The style of A Clockwork Orange is one of the most notable parts of the novel. Burgess’s style is incredibly unique. It’s often clever and playful, using language in new ways and requiring readers to hold two opinions in their mind at once. Burgess uses incredibly dark images throughout the novel but often describes them dismissively, all as a part of Alex’s initial life. The treatment of violence with reverence in some parts of the novel has led to the book being banned in some schools and universities. 

Throughout, Burgess also takes an interesting approach to his use of tone. Alex, as the narrator and protagonist, is in control of much of the tone. He’s often immature-sounding and irreverent. He expresses a love for violence, describing it as though it’s his art practice. He turns to it as a way to express himself and rebel against society. At the same time, there are moments where Alex describes violence with a detached and uninterested tone. It’s so normalized that he doesn’t need to spend any extra time on it. 

Burgess makes use of many different kinds of figurative language in A Clockwork Orange. This includes the use of metaphors, similes, imagery, hyperbole, and more. He also uses a number of allusions. He mentions classical composers, philosophers, musicians, and more. 

Analysis of Symbols

Cigarettes 

Cigarettes, which are called “cancers” in the novel are a symbol of youthful rebellion. They’re used when a character wants to look cool or as though they don’t feel anything about a particular situation. They also appear in a darker scene, when Alex rapes ten-year-old girls. They have a negative connotation butter repetitively turned to by all the characters in the novel, including the prison chaplain. 

Ludwig van Beethoven’s Ninth Symphony

Ludwig van Beethoven’s Ninth Symphony is an important symbol in A Clockwork Orange. Beethoven wrote the piece to express human goodness, an interesting fact when one considers how dark the rest of the novel is. The symphony is part of Alex’s experience with the world. It is used to emphasize the highs and lows of what he goes through.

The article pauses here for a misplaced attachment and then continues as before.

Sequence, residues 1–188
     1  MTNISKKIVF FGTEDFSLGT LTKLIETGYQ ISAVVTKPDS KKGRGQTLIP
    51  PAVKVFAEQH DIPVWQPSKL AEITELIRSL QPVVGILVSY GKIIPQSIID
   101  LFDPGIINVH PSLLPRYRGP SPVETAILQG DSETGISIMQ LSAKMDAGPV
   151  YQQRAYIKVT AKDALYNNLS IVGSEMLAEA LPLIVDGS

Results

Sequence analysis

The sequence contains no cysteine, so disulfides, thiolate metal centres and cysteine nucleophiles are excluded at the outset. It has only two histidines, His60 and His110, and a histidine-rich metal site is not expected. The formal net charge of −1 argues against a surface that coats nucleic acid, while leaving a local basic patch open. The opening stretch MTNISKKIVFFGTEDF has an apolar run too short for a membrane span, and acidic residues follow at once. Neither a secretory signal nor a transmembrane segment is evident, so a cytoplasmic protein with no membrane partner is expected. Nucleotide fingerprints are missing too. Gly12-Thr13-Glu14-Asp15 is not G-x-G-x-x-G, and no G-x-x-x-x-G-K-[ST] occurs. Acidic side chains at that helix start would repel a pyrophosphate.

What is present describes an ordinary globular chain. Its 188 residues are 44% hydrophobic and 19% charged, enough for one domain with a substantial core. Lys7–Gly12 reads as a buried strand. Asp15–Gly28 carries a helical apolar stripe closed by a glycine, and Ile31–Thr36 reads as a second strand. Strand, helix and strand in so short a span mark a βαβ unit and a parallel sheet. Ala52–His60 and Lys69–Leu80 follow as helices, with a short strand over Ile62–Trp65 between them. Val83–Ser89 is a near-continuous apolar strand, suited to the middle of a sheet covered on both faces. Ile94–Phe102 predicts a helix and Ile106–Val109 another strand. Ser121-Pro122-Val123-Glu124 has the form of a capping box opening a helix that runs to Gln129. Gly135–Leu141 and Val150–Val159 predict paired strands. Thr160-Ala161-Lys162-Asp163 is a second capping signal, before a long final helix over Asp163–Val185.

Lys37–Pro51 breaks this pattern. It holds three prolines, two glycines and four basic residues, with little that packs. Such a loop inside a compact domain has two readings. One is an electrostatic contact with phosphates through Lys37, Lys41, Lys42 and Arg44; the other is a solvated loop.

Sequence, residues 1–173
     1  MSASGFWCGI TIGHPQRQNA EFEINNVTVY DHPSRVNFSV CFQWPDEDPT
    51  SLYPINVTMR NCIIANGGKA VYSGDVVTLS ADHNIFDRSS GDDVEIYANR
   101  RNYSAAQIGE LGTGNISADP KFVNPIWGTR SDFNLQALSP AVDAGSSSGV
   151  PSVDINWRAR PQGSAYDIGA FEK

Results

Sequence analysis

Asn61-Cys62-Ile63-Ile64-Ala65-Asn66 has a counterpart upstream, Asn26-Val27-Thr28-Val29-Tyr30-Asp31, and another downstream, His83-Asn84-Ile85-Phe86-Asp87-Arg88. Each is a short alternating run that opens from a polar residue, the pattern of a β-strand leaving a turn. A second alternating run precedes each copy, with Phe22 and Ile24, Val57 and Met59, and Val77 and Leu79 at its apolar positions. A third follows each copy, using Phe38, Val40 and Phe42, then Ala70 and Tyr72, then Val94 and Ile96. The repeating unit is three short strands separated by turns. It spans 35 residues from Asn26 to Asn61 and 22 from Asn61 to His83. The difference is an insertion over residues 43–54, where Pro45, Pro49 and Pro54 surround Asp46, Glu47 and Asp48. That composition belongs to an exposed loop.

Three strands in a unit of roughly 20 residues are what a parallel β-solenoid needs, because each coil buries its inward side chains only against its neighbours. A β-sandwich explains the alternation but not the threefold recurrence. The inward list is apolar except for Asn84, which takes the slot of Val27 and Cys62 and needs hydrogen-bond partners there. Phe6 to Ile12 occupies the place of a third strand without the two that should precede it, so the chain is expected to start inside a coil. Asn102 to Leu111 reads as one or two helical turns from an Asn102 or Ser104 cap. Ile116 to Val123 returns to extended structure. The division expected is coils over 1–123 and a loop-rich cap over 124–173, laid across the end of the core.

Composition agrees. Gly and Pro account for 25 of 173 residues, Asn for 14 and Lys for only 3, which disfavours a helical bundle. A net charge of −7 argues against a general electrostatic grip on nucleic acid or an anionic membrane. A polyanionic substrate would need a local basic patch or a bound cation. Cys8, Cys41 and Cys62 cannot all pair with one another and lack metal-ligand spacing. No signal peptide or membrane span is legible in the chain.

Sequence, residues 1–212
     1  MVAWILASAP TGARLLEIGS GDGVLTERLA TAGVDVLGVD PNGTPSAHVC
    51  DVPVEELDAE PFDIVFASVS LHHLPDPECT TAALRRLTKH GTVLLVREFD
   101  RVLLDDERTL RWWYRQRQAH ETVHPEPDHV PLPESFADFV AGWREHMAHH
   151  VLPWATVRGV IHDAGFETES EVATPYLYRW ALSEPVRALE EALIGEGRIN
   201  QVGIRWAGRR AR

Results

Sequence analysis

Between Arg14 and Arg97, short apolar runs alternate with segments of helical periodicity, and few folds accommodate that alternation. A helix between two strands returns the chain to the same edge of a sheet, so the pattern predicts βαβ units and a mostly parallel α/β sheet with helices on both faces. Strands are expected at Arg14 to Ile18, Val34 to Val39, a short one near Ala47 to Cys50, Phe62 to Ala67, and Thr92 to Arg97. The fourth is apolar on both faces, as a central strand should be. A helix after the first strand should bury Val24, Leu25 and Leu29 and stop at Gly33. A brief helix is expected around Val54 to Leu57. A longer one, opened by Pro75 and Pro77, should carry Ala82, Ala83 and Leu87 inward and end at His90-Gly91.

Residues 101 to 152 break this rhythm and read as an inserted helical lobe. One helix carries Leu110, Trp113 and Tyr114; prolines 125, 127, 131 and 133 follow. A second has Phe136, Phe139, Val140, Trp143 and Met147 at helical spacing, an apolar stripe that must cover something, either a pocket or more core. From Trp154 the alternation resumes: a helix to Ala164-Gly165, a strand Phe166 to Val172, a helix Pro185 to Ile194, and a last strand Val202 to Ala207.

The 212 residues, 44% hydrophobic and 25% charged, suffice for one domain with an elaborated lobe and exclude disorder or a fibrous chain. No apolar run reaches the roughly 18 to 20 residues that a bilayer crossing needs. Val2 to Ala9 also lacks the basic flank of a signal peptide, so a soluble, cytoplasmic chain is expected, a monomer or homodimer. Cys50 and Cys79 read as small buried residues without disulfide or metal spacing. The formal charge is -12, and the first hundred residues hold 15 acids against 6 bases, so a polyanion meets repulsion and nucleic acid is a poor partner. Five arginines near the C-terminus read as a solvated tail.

Milk

Milk is one of the most interesting symbols in the novel It goes along with the Korova Milkbar that Alex and his gang frequent. Alex drinks milk with almost every meal he has, an interesting feature of the novel that may lead some readers to believe that milk is associated with naivety. This is furthered by the fact that none of the adults in the novel are drinking the same. This is emphasized by the spiked milk that Alex enjoys. It includes hallucinogens, a symbol for the way that the youth of this society are poisoning their innocence. 

FAQs 

What is the most important theme in A Clockwork Orange?

Perhaps the most important theme in A Clockwork Orange is free will. This is closely associated with a human being’s ability to choose between good and evil and how both of these elements make one human. 

What does A Clockwork Orange mean? 

The title A Clockwork Orange was inspired by a cockney expression, “queer as a clockwork orange.” It’s used to describe something that’s unusual or unpredictable. It perhaps suggests that people like Alex should be left to express their free will and suffer appropriate consequences. They shouldn’t have their free will taken away entirely. 

Why is A Clockwork Orange so disturbing? 

For some readers, the focus on violence, particularly sexual violence in the novel makes it a disturbing book to read. It is also for their reason that the book has been banned, and still is banned, in some places. 

Why are there Russian words in A Clockwork Orange

Burgess was inspired by Russian slang to create Nadsat, a new slang language used in A Clockwork Orange. Some of these words are easily interpreted while others take more iterations in order to understand. 

How is A Clockwork Orange a dystopia?

The society in A Clockwork Orange is a dystopia because the government is trying to exert ultimate control over its people. It imprisons dissidents, like F. Alexander, and forces Alex into a treatment that effectively brainwashes him. 

About Emma Baldwin
Emma graduated from East Carolina University with a BA in English, minor in Creative Writing, BFA in Fine Art, and BA in Art Histories. Literature is one of her greatest passions which she pursues on Book Analysis.
Send this to a friend